If art imitates life, then one would expect most Kansans realize there's no place like home. Just in case Dorothy wasn't speaking for the Sunflower State past, present and future, however, public opinion surveys are used to gauge the sentiment.

Perhaps not surprisingly, the vast majority of residents believe the state is a good place to live according to the latest "Kansas Speaks" survey. Conducted by the Docking Institute of Public Affairs at Fort Hays State University, more than 95 percent of people surveyed rated Kansas anywhere from fair to excellent. A mere 4.2 percent labeled the state as poor or worse.

Such optimism doesn't surprise us. Despite the ribbing we receive from the rest of the country, Kansans by and large believe we're in a great location. The ratings weren't quite as high as they were in 2009, the first year Docking conducted the annual Kansas Speaks survey.

Gary Brinker, director of the Docking Institute, said the survey fits the organization's mission to serve the government and nonprofit entities of Kansas.

"As the Docking Institute continues to provide this service to the citizens of Kansas, our hope is that Kansas Speaks will allow our state legislators and policy-makers to better respond to the will of the people and foster a more democratic state government," Brinker said.

We're not sure how elected officials will decipher the "will of the people" from these results, however. Seeming contradictions abound, while other responses don't seem to match reality. Particularly since the survey didn't get underway until May 21, after the Legislature had completed its work for the session.

For example, 65 percent of all respondents believed income tax rates should stay the same or go up. Almost 78 percent of self-identified Republicans felt that way. When participants were questioned, it was well-known the GOP-dominated Statehouse already had set it motion the session's signature accomplishment -- a significant decrease in income taxes. That didn't prevent the majority of Kansans from refusing to be dissatisfied with either the Legislature or Gov. Sam Brownback. Basically only Democrats and highly educated individuals found these two branches of government lacking. Strong Republicans either were moderately or extremely satisfied with Brownback (73 percent) and the Legislature (61 percent).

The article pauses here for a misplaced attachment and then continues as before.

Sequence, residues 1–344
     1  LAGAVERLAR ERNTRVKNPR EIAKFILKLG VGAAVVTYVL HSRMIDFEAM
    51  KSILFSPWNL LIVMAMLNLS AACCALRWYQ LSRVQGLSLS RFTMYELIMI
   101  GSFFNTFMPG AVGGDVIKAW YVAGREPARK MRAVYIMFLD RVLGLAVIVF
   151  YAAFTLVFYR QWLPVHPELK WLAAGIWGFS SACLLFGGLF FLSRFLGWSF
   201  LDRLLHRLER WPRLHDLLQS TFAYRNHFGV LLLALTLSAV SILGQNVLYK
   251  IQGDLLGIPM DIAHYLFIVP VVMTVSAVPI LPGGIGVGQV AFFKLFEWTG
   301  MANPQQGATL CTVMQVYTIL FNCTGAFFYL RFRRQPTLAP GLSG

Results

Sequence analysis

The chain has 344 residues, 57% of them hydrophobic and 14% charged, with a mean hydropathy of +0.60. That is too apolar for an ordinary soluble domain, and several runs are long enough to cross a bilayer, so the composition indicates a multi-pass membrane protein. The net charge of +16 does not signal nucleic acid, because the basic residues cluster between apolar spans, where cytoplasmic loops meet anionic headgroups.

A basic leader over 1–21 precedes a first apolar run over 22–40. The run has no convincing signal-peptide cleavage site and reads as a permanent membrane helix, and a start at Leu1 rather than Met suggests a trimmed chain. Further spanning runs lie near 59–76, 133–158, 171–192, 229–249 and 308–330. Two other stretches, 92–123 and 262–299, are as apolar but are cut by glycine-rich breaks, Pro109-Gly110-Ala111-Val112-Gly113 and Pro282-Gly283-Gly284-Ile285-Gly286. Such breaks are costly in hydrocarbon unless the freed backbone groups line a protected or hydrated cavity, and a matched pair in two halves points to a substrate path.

When examining state funding for particular sectors, very little support was expressed to decrease spending on social services (7.1 percent), K-12 schools (8 percent) or state colleges and universities (15.9 percent). Yet the only way funding for any of these critical segments does not go down is if the economic renaissance promised by the governor actually takes place. While Brownback and paid consultant Arthur Laffer believe the "experiment" will work, Kansans aren't so sure.

When asked in the survey how concerned they were that the Kansas economy would seriously threaten them or their families' welfare, only 11.9 percent of respondents were not concerned.

With the lone exception of 18- to 24-year-olds, large majorities of every other demographic were slightly, moderately or very concerned the state economy is going to hit them directly.

In short, Kansans overall advocate economic policies that are 180 degrees different from the governor and conservative-dominated Legislature -- yet are willing to stay the course. In fact, with the primary election, Kansans ousted most of the moderate Republicans who were willing to stand up to the governor. So we know whose policies will carry the day, and worries the resulting economy will negatively affect us likely will come true.

Yet we still believe Kansas is a good place to live.

That's the power of positive thinking.

If you didn't see the Kansas Speaks study in Sunday's Hays Daily News, results can be found at www.fhsu.edu/docking. Click on the Kansas Speaks tab.

Editorial by Patrick Lowry

plowry@dailynews.net